Electrocution, for example, is an event in which catastrophic amperage results in long term damage. It implies death and serious harm. Electric shock, on the other hand, more accurately defines an event workers servicing EVs may experience.
But using the correct terminology isn’t just a matter of accuracy. As regulations continue to develop, legislators are, in part, looking to our industry for exactly what they should regulate. Erroneously presenting electrocution as a common risk for those working with EVs may result in unnecessarily restrictive oversight.
On the other hand, guidelines developed in response to common issues like electric shock can help workers stay safe from the hazards they are likely to face.
The hazards common to working around EVs extend beyond battery fires and electric shock.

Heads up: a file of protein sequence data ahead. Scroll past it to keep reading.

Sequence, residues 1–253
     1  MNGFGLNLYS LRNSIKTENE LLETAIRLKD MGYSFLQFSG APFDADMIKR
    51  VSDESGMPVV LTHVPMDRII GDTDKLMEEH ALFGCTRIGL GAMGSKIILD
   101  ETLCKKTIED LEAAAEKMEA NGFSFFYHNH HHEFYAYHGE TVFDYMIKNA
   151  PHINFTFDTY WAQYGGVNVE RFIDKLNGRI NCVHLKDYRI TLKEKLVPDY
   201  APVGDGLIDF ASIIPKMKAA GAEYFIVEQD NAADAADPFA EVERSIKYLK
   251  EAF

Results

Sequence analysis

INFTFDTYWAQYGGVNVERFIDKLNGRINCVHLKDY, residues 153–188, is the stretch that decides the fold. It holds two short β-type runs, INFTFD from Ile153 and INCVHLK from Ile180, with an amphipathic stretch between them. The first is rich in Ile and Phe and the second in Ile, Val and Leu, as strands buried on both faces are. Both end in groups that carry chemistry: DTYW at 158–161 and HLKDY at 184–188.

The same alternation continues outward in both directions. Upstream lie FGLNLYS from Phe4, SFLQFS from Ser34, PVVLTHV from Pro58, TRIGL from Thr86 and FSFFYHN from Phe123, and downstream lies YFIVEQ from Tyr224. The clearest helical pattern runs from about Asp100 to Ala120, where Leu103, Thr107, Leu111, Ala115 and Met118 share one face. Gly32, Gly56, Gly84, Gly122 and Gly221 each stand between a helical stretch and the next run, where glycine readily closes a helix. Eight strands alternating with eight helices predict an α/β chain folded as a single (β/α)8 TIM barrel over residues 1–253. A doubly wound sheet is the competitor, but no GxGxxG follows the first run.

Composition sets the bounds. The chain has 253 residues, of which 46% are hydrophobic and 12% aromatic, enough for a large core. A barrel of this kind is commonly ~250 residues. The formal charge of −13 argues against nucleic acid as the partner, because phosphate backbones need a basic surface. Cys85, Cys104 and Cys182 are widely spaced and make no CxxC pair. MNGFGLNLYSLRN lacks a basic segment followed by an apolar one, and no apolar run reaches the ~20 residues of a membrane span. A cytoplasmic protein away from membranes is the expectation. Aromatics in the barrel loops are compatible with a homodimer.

Employees in fulfillment, for example, need to understand how to safely pack, handle, and ship EV batteries. And warehouse workers require training for how to safely store EV batteries, including what counts as a sufficient storage clearance.
To support all your workers, identify the needs of employees throughout your facility. Then, develop the training materials to keep them safe.
Micah O’Shaughnessy is the Regulatory Project Manager for KPA, an EHS and workforce compliance software and services provider for midsize businesses. KPA solutions help clients identify, remedy, and prevent workplace safety and compliance problems across their entire enterprise. The combination of KPA’s Vera Suite platform, EHS consulting services, and award-winning training content helps organizations minimize risk so they can focus on what’s important: their core business. For over 30 years, KPA has helped more than 10,000 clients achieve regulatory compliance, protect assets, and retain top talent.